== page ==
Pollit ended her piece with the apparent largeness of sensibility to pronounce, “The globe, not the flag, is the symbol that’s wanted now.” It is the embedded either/or in the statement that is the flaw in this thought, but credit Pollit her hobgoblin, she is grinding the same ax nine years later, no less obtuse, no more attuned to human nature than before.
This time around, though, she sees she went too far in 2001.
My Nation column after 9/11 about not flying the flag was widely attacked as anti-American, cold-hearted, foolish, and ill-advised.
I’m sure I could have written more carefully and sensitively. The tone of that column was unnecessarily prickly, and I went too far when I identified the flag with racism and jingoism, because of course it has many meanings, including anti-racism and rejection of ignorant chauvinism. But my central point was, I believe, a good one: we need to think in a larger framework than our own country and be wary of appeals to patriotism in a crisis, because when the flags come out, people tend to turn off their brains, and the next thing you know, we’re at war. In fact, that is what happened. That is what is still happening.
In the empty chamber of Pollit-thought, even when she tries to reenter the atmosphere she is sucked back into a vacuum. The war to which she refers is not just Iraq, but Afghanistan, the latter of which, too she opposed from the start. It never occurs to her, though, that “appeals to patriotism in a crisis” – or the natural upswell of patriotism, without appeal – might follow the attack on Pearl Harbor or the secession of slave states or a natural disaster, and that patriotism is one variation on the natural affinities that arise among people in various forms of proximity to one another.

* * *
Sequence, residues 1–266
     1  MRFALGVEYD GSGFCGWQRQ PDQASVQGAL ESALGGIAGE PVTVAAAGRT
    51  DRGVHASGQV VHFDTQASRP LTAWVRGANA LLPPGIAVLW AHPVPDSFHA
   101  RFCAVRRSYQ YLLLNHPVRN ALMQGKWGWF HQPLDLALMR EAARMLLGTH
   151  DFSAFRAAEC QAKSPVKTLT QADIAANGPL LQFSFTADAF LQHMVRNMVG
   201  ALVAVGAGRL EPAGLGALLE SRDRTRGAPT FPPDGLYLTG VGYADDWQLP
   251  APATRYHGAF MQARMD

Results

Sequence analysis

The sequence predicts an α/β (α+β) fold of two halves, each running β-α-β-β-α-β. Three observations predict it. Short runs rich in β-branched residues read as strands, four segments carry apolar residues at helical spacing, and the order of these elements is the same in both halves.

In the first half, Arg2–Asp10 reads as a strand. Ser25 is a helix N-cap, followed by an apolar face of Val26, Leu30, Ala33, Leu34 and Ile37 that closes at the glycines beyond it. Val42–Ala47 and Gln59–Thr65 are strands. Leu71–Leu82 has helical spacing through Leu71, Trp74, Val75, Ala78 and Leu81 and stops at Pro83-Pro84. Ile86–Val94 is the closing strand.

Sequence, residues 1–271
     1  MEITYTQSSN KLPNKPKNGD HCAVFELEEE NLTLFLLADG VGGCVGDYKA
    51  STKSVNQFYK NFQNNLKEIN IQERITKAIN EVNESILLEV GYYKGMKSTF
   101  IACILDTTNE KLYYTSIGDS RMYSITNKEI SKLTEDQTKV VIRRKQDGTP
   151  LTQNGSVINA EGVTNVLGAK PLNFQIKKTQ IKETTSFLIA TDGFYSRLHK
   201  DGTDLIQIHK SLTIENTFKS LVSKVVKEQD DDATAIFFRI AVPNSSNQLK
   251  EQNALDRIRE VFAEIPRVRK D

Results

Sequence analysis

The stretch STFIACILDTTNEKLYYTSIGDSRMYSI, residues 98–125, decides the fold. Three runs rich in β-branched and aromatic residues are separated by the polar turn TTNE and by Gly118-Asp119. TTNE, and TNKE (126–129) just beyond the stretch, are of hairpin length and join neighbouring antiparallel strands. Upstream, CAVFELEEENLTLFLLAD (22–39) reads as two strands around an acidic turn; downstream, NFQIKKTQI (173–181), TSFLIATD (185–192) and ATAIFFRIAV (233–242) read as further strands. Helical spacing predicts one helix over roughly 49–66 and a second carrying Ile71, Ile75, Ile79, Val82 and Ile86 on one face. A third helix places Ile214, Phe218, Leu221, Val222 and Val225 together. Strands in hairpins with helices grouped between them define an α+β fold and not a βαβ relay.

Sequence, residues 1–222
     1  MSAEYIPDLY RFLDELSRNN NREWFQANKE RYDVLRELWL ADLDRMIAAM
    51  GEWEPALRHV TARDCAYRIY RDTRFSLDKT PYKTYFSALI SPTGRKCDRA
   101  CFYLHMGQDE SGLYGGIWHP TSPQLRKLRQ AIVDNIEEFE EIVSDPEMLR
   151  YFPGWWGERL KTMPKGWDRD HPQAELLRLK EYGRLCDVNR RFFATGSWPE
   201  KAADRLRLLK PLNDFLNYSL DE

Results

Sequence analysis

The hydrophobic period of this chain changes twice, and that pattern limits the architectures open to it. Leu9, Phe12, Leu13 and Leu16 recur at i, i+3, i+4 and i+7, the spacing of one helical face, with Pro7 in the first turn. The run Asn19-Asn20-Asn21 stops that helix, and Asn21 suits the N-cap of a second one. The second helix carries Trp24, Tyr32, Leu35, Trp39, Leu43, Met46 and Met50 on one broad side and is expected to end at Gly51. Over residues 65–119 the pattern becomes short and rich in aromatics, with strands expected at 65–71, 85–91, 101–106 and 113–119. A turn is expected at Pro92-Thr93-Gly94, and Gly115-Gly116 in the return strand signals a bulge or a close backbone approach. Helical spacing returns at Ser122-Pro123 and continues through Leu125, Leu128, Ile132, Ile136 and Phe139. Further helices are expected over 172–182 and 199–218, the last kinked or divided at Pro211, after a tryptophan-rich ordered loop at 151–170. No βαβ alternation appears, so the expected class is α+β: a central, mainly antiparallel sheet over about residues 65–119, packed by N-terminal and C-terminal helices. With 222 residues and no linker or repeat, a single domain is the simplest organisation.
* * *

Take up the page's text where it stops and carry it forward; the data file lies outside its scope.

Instead, Pollit wonders
What if we took seriously the idea of one world?
Well, what if we did? Many of us do.
Still, when I took up bicycle riding along the coastal path here in Los Angeles (soon after 9/11, as the facts will have it, as my own form of therapy), I soon discovered that an occasional cyclist riding in the opposite direction would raise a hand in passing as a gesture of – what? Hello? Well, yes, I suppose, most immediately. But no jogger ever lifts his hand, or any roller blader, or the constitutional walkers. Only other cyclists. Of course, I respond. We have nothing against those fitness devotees of other stripes, but only we know the swift pleasure of the pedal and the wheel, and we signal that bond with a gesture. During our year on the road in 2009, all over America, I discovered the same to be true among motorcyclists – just a raise of the palm above the left handle bar, in passing the other way, in recognition of our moto-fraternity.
It is so small, but the impulse to seek close fields of association and affective concern is as natural to us as the need to feel at all. That this impulse can be corrupted – by warring motorcycle gangs or territorial surfers, chauvinists and demagogues – signals only our human freedom to ennoble or debase all that we experience and enact.
A motivating concern should be with how to extend our moral interest beyond the naturally narrow range of our affective associations. This is the concern – the one that motivates everyone who cares about broadening human relations beyond nationalism, cultural conflict, and cutthroat economic competition. However, an expansion of our emotional and moral range need not be an antithetical rejection of the foundations of feeling. Our most fundamental insights into our psychological and spiritual natures should make it very nearly self-evident, as I wrote in Principia Liberalis, that one must love one’s neighbor before one can love the world. Accordingly, a popular slogan within the activist left for many years has urged the committed to “Think Globally, Act Locally.” Sage and practical advice that draws on a keen perception: it is easier to act and succeed locally, not just because of the scales of economy and political reach, but because of the natural, urgent range of our affective interests. If this is something to be ashamed of, it is a shame that Americans can share with the rest of the world, because it was not just the U.S. that failed to intervene in Rwanda, or Sudan, or Congo.